abilities to come together and enjoy sporting recreations. Reluctant
to simply sit and soak up the sun's rays, most Cariocas opt for a
more active and mobile engagement with their surroundings and have
adapted and developed a number of different sports that are perfect
for the sandy terrain.
One sport which is played at almost every beach in
Rio, regardless of size and demographic, is "futebol de areia," or
beach soccer. At larger beaches, such as the "Praia do Flamengo,"
and in areas of the Western Zone of Rio, there are nets and portions
of the sand dedicated to the recreation. Altinha, or "little high,"
is a game in which the ball is passed in the air between circles
of players, using feet, calves, knees, shoulders and head. The
golden rule - that the ball remains air bound at all times - lends
the sport its name.
Another celebrated sport is Volleyball and courts can
be found lining the beachfront at almost all of the beaches in the city,
where professionals and amateurs come to flaunt and hone their talents.
There is also a wide assortment of water-based sports
which Cariocas and visitors flock to Rio's shores for. Swimmers
congregate in groups for mass swims and competitions, while surfers and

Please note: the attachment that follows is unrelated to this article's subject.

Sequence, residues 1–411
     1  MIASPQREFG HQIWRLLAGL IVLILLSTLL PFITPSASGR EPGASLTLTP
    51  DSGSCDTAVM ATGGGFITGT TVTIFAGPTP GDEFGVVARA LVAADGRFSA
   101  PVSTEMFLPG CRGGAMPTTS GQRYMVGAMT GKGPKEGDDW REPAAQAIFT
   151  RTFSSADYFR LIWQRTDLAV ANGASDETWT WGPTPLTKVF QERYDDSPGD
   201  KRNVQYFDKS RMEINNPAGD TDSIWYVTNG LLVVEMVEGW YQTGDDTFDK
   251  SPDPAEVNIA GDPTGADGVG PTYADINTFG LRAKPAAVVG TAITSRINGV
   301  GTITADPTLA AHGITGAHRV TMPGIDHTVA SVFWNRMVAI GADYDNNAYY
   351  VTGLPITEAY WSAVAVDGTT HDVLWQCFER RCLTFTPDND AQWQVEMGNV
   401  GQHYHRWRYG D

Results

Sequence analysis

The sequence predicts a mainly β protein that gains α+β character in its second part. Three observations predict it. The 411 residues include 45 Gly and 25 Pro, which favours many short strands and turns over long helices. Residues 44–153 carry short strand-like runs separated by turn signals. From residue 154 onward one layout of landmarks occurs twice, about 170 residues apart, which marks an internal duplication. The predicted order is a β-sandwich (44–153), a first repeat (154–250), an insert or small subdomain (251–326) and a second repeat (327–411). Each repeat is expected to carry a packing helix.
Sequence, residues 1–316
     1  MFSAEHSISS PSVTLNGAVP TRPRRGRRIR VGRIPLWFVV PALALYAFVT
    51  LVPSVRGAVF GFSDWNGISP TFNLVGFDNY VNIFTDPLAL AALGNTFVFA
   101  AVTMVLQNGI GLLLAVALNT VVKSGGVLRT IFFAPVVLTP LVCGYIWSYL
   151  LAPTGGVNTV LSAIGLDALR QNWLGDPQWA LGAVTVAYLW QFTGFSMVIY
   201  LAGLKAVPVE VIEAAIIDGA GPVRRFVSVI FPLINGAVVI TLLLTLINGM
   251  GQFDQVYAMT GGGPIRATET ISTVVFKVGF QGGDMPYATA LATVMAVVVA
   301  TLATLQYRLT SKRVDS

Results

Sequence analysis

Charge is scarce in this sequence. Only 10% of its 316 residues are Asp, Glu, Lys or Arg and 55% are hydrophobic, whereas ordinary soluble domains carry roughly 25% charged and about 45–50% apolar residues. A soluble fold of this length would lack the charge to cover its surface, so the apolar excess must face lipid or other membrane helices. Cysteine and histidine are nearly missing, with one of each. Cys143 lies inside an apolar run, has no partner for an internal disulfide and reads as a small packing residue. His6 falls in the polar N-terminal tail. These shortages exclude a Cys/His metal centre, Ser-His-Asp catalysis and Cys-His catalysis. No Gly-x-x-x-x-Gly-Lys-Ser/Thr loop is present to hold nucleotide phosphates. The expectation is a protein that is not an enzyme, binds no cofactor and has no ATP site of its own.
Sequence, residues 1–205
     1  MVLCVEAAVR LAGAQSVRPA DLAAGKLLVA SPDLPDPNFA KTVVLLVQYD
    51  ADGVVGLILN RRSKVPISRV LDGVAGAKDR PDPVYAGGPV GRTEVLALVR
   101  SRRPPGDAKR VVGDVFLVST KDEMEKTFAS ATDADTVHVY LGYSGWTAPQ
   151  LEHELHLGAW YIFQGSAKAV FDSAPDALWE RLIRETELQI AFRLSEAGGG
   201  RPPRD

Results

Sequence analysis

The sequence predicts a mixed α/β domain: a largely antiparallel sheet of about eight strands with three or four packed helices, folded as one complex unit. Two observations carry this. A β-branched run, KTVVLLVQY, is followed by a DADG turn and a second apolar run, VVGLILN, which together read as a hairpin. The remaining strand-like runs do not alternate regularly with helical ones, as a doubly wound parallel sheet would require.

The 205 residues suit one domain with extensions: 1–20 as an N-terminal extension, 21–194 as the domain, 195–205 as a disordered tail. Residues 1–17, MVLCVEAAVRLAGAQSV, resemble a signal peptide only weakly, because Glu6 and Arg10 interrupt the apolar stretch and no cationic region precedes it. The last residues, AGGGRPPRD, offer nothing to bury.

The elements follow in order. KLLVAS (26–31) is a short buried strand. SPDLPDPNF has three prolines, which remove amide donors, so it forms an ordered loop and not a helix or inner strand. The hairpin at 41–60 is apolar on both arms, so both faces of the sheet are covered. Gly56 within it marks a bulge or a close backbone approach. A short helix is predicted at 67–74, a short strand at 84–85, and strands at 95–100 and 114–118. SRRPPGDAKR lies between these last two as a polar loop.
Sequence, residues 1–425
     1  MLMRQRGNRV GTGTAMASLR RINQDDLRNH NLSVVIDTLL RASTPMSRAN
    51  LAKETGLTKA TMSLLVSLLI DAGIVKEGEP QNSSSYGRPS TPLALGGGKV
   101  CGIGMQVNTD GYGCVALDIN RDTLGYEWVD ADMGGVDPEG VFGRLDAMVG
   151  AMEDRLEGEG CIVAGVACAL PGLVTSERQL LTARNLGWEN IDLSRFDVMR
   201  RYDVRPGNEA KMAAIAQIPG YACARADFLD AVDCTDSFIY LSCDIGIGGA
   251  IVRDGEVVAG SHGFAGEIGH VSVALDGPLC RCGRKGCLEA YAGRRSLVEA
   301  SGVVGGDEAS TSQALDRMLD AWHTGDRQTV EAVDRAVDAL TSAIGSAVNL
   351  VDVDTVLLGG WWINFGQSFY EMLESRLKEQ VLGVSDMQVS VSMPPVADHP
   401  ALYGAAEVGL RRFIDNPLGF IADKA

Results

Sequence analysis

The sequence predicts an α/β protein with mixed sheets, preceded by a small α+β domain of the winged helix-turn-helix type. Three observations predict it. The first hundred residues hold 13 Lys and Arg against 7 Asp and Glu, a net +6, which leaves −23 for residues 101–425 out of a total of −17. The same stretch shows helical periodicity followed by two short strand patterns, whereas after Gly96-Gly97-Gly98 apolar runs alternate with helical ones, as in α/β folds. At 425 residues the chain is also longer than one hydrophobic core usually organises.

body-boarders take to the rough, clean waters of the Barra da Tijuca
neighbourhood, and further afield to nearby Recreio – as well as the
trendy beaches of the districts of Copacabana, Ipanema and Leblon.
At the moment, Stand-Up Paddle is the fashionable
water recreation in Rio: a sport that involves standing on a board while
using a paddle to glide through the waves. The activity offers tranquil
exercise accompanied by unique views of the natural landscape, easy to
practice and also enjoyable on lakes and lagoons.
No longer associated with the macho and rebel culture
of the 70s and the 80s, standard Surf still remains an important part of
Rio's counterculture - and grew a large following due to the gorgeous
beaches engulfed by the city. Local surfing groups devote time and
efforts to create competitions to bring together national and
international surf champions along Rio's famous beaches.
The beaches represent one of Rio's main touristic
attraction, and the locals make great use of them. Yet, soccer has
the highest following in the general Carioca sports culture - deeply
ingrained in people's minds, it has grown to be a part of daily
life. It is by far the most appreciated sport in Brazil, and Rio de
Janeiro is no exception.
Soccer has the special characteristic of overcoming
social differences, and can be played just about anywhere - perhaps
the reason why it became so popular worldwide as it did. In fact, in
favelas as much as in luxurious districts, the main sports events
revolve around it.